Azerbaijan’s democratic transition
The Washington Times
By Hafiz Pashayev
In a recent visit to Azerbaijan as National Democratic Institute chairman, former Secretary of State Madeleine Albright said, “Election day is important, but the months leading up to the elections are also crucial.”

She referred to the parliamentary elections to be held Nov. 6, when the citizens of Azerbaijan go to the polls to elect their representatives to Parliament, or Milli Mejlis.

The Bush administration views these elections as a litmus test of the Azerbaijan government’s commitment to democracy. The U.S. Congress has weighed in by passing a resolution calling on Azerbaijan “to hold orderly, peaceful, and free and fair elections in November 2005 in order to ensure the long-term growth and stability of the country.”

We are the first to recognize that independence, stability and prosperity depend on successful democratic reform. President Ilham Aliyev wants an orderly transition, as our last few years of unprecedented economic growth would be jeopardized by political instability. Toward this end and to conduct elections according to international standards, the president issued an Executive Order outlining steps to be taken:

  1. Allowing all political parties to organize rallies free from violence and intimidation. 
  2. Welcoming domestic and international election observers. 
  3. Providing access to media, thus ensuring fair coverage. 
  4. And ensuring central and regional authorities create the necessary conditions for exit polls.
Among many provisions of the Order already carried out are those that concern participation in the political arena by opposition parties. There has been dialogue between ruling and opposition parties, all opposition parties may freely conduct rallies and demonstrations and, thus far, all opposition activists — including those who called for overthrow of the government in October 2003 — have been allowed to become candidates if they wish. During his visit to Azerbaijan at the end of August, Sen. Richard Lugar, Indiana Republican, said: “The opposition leaders underlined that the registration process of the MP candidates went well, which is a step forward compared to the previous elections.” President Aliyev went further by warning all regional election officials not to interfere in the old Soviet fashion, when ballot-stuffing was common.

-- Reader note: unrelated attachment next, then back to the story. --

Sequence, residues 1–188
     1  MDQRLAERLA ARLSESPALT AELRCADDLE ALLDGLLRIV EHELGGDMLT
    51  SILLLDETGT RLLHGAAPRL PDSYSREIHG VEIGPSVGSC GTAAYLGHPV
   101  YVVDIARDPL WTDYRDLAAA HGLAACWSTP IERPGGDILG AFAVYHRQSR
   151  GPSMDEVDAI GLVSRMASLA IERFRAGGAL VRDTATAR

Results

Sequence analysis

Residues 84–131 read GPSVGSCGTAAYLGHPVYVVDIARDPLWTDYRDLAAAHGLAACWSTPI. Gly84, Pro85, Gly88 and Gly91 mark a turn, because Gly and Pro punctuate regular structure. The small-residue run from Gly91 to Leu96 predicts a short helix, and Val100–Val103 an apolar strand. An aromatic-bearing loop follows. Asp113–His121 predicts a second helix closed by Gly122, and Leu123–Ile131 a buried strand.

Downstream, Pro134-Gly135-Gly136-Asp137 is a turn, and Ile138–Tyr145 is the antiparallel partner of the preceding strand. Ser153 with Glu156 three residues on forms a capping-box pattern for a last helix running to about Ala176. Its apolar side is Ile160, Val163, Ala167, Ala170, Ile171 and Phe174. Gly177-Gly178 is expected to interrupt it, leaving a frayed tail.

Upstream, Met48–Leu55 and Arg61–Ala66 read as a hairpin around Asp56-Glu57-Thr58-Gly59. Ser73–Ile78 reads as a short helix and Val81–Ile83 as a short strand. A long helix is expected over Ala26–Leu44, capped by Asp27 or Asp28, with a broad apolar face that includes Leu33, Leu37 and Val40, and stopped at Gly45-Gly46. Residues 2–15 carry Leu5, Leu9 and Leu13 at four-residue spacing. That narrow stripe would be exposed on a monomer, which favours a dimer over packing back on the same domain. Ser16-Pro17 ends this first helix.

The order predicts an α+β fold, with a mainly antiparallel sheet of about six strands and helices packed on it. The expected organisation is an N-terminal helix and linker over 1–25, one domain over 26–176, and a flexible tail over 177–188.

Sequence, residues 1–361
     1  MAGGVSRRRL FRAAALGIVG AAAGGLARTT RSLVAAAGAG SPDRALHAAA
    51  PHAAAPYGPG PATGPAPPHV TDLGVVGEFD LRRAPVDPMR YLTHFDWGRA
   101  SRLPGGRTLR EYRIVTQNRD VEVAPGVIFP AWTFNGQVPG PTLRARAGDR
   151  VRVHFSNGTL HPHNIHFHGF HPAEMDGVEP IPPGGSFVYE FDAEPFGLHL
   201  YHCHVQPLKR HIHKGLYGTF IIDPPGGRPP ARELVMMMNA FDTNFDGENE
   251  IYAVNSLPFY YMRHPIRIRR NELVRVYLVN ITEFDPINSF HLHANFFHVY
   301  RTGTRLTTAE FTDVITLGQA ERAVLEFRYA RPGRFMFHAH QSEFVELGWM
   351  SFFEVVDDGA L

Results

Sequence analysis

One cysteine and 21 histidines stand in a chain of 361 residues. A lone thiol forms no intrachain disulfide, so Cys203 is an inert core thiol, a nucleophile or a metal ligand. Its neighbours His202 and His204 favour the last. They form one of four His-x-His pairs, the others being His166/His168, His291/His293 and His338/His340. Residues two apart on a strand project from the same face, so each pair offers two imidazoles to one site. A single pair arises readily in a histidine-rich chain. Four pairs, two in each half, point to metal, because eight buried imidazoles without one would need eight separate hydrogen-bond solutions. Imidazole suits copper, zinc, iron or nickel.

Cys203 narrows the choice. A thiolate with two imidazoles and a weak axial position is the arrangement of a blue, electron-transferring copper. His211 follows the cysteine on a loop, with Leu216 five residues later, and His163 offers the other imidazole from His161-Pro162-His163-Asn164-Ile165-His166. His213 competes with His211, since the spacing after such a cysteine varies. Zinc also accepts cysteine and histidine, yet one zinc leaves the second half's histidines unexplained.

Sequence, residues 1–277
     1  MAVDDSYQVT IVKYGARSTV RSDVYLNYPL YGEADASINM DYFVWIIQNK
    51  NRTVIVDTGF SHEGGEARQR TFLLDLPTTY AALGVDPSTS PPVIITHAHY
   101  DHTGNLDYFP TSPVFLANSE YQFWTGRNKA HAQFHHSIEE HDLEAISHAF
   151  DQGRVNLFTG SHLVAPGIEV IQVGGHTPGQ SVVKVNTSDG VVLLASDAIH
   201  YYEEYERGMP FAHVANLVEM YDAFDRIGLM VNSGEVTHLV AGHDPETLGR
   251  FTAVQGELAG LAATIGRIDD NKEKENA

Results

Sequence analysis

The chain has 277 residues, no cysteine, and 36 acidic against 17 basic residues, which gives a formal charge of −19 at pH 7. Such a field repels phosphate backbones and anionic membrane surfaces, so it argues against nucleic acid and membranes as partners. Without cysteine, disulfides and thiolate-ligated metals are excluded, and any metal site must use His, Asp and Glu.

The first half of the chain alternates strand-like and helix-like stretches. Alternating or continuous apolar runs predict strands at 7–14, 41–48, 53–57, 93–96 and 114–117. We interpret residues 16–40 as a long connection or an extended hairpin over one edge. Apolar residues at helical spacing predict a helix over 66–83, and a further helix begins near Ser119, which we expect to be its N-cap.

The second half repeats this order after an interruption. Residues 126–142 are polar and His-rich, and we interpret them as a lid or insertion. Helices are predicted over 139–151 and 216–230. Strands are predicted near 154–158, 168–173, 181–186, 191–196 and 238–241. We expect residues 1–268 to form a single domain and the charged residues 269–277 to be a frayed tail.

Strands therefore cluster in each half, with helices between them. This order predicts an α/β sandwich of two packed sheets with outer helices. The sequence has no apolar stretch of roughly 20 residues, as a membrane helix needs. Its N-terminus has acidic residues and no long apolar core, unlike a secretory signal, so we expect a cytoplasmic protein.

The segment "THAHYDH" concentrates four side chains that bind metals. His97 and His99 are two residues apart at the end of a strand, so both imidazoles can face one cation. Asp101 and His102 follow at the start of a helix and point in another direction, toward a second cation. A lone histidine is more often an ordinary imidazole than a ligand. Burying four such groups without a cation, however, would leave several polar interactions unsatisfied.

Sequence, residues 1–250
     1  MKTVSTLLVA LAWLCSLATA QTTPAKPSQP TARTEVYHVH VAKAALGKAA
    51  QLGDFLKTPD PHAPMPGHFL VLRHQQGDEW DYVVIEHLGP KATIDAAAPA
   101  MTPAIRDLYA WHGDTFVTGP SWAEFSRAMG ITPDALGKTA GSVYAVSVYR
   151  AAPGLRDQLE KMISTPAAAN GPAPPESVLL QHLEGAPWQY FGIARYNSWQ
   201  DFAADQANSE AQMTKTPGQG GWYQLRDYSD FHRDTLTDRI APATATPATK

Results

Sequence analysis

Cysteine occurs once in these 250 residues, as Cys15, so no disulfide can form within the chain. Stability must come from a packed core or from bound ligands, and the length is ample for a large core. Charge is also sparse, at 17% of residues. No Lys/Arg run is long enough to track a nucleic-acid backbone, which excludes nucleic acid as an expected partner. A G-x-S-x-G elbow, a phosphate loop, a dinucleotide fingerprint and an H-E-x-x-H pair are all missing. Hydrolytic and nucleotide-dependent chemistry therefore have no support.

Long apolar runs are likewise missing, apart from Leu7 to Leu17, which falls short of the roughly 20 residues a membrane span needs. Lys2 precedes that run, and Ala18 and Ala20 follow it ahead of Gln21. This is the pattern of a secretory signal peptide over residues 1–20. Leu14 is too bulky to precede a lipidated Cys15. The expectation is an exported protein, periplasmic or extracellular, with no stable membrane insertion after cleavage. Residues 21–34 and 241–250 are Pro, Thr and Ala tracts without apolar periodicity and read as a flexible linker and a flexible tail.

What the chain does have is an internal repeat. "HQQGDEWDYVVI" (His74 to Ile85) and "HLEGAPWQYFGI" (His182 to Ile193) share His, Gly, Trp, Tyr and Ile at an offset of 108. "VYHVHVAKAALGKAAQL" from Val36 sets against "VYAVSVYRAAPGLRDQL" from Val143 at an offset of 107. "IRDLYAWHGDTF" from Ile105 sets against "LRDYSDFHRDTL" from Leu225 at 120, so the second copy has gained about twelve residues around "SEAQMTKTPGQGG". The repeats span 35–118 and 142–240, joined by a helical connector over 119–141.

President Aliyev’s insistence on free and fair elections in November is based on the idea Azerbaijan’s secular government can co-exist with its Muslim traditions.

Our vision is premised on the belief democratic pluralism will ensure a peaceful outlet for dissent, eliminating the need for violent alternatives. Citizens of all ethnicities and political persuasions are free to advocate their positions peacefully.

Today, Azerbaijan is a vibrant, independent state. We have faced many challenges in our young country’s life: preserving our independence in a tough neighborhood; making the transition from a shattered to a market economy; building government institutions and an independent judiciary; finding a peaceful solution to our conflict with Armenia; and developing and delivering our natural resources to world markets.

Throughout these difficult years, the United States has been a friend and ally of Azerbaijan. Our strategic partnership has blossomed since the attacks on America on September 11, 2001. Immediately after, the late President Heydar Aliyev visited the U.S. Embassy in Baku not only to express his condolences but to offer his full support. Today, we stand side-by-side in the global war on terrorism. Our troops proudly serve in Afghanistan and Iraq.

Azerbaijan’s location between Russia, Iran and Turkey, coupled with our desire to integrate into the Euro-Atlantic community, requires that we conduct a balanced foreign policy fostering development of democratic institutions and a strong economy. Azerbaijan has come this far without tangible foreign aid and expects to continue democratic and economic development, primarily through its own resources.

According to a recent survey by the International Republican Institute sponsored by USAID, an overwhelming majority of Azerbaijanis want economic and social development to be their government’s priority concerns.

This November, the people of Azerbaijan will elect a Parliament I believe will accelerate our transition toward democratic pluralism to match the country’s unprecedented economic growth. Mr. Lugar told the press in Baku: “I sense in Azerbaijan a yearning for building strong democratic institutions.”

Hafiz Pashayev is Azerbaijan’s ambassador to the United States.

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